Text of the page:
Territory welcomes 2014
The World welcomed 2014 beginning from Samoa and Kiribati in the South Pacific and 24 hours later ending with American Samoa and Niue, also in the South Pacific.
While many places around the globe rang in the New Year with major fireworks displays, America Samoa was more mellow possibly because of the rain - heavy at times with winds clocking at 10 mph in several locations on the main island of Tututila.
The not-so-clear weather didn’t make an excellent New Year’s Eve for some residents who were hoping to see the last sunset of 2013 at Poloa village on Tutuila.
The sporadic rain started late Tuesday morning heading into early afternoon, with traffic in the Nu’uuli slowing to a crawl, but at least it was moving. Rain lifted by late afternoon with the sun peeking out from behind the clouds from time to time.
Several residents were pleased with the rain, as the territory has seen some hot weather over the last coupe of weeks, with daytime temperatures topping 90 degrees and not much cooler at night.
Church bells began ringing around 6p.m. signaling the start of first round of New Year’s Eve services while at Methodist churches island-wide members were busy decorating their homemade trees for “Po o Moli” or night of lights, which is a New Year's Eve tradition, introduced to the Samoan islands more than 100 years ago as a way to offer thanks at the end of the year.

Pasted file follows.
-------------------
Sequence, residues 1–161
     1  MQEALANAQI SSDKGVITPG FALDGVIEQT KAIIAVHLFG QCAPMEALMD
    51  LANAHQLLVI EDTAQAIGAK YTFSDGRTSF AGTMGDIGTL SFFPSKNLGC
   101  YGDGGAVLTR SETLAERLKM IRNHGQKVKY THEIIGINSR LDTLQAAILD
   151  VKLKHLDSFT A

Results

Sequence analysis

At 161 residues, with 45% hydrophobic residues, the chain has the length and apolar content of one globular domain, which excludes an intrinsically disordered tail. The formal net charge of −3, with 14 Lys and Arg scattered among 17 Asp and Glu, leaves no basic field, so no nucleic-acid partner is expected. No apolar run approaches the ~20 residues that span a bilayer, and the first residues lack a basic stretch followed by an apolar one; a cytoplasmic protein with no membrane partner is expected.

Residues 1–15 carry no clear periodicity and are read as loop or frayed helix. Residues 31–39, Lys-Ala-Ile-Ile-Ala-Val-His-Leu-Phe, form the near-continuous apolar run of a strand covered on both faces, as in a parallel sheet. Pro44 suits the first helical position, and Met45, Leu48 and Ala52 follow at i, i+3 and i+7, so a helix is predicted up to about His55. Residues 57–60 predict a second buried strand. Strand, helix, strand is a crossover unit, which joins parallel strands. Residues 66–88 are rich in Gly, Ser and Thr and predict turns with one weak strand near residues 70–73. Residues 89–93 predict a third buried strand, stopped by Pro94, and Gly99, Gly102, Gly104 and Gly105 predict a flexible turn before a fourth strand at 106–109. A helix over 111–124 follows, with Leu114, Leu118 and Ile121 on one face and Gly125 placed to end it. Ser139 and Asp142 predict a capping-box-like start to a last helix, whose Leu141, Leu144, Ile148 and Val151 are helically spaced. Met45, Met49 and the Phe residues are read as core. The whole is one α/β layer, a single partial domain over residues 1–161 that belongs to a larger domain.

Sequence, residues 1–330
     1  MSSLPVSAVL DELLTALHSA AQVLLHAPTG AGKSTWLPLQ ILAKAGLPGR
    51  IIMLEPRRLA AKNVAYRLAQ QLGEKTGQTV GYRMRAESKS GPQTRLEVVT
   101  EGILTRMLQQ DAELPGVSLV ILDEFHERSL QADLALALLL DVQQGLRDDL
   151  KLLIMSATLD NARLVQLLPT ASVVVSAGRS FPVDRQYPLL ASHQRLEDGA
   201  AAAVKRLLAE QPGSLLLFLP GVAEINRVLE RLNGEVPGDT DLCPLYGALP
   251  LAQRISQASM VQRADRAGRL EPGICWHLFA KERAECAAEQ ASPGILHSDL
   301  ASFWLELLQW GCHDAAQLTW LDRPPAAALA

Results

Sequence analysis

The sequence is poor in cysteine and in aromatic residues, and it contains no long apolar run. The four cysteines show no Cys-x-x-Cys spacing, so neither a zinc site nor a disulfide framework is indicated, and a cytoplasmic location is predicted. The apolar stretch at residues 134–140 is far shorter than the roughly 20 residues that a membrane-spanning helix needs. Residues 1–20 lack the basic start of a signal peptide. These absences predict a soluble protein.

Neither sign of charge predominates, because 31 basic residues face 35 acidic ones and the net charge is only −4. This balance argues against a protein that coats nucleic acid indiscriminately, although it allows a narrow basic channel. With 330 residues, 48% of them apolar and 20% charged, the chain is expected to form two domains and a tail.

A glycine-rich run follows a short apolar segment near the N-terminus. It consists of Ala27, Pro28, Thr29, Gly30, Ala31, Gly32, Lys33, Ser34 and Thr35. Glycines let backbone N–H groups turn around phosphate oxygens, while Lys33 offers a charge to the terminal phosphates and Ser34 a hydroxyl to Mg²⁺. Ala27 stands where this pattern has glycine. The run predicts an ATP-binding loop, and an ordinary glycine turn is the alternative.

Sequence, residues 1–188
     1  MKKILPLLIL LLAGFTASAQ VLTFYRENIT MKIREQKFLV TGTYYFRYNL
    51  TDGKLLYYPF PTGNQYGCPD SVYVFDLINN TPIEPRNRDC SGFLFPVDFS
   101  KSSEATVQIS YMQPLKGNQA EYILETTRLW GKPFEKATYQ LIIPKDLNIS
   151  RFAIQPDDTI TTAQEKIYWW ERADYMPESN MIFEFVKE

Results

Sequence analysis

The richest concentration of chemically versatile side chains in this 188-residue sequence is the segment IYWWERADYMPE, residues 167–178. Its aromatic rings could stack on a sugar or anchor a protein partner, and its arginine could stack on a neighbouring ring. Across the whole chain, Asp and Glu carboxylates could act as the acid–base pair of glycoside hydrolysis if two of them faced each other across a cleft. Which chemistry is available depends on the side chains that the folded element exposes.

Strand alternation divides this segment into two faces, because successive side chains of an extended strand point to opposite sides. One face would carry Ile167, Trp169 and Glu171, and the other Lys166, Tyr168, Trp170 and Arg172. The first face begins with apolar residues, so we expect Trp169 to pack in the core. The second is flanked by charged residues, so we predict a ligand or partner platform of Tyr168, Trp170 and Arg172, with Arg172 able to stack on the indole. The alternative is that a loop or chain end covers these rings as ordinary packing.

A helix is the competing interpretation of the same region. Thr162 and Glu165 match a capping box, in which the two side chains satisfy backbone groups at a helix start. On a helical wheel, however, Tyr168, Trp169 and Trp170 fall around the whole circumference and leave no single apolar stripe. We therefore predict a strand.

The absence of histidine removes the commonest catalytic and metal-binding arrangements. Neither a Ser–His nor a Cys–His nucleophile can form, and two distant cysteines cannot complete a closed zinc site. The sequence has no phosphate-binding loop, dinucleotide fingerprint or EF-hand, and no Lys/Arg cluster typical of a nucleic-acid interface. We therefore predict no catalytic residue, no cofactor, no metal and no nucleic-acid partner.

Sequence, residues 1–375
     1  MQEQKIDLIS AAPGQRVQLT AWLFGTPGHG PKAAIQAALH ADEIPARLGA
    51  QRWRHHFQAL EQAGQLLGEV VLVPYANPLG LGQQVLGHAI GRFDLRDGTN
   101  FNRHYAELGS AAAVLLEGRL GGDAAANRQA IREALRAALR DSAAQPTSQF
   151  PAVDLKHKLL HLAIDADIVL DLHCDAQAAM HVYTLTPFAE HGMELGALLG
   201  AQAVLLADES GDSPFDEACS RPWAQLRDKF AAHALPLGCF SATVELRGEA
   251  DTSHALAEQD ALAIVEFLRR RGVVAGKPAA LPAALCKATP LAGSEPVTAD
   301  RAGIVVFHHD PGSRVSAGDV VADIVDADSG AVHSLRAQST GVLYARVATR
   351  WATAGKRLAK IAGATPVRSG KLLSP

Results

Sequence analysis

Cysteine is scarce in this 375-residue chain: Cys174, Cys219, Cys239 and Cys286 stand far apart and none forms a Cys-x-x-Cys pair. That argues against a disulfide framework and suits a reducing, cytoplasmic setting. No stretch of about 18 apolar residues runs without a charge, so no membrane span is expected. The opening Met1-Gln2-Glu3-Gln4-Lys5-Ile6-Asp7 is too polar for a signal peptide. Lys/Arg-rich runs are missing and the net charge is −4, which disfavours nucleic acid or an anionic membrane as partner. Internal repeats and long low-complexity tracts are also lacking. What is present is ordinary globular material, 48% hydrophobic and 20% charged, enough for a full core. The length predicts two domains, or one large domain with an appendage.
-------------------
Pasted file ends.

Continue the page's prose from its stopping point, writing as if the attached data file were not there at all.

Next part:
The ‘Po o Moli’ service usually lasts for two-hours, ending just at the stroke of mid-night when all the decorations (candy or flower leis, material, food items like chips, cookies, canned goods and boxes of saimin and some moli are decorated with nothing but cash) are distributed.
Meanwhile, the rain picked up again around 9p.m. when people were either heading to late evening church services or to parties, restaurants and nightclubs around the island, despite beefed up police patrols.
At the stroke of mid-night bells could be heard throughout various villages but there was very limited noise from the Samoan cannon, or “fagaofe” - probably due to the rain.
Department of Public Safety is expected to release later today whether or not there were any traffic incidents or public disturbances overnight but at daylight today, it appeared that it was a safe New Year’s Eve celebration.
The rain did bring a lot of debris onto the roads making early morning driving hazardous with fallen banana trees and coconuts littering some roadways.
The National Weather Service in Pago Pago says New Year’s Day will be a wet-one. Occasional showers are expected today, increasing at times to heavy rainfall.
There is a chance of thunderstorms with winds of 15 to 20 mph, with higher gusts.
HAPPY NEW YEAR 2014 from “American Samoa — where America’s day ends.”
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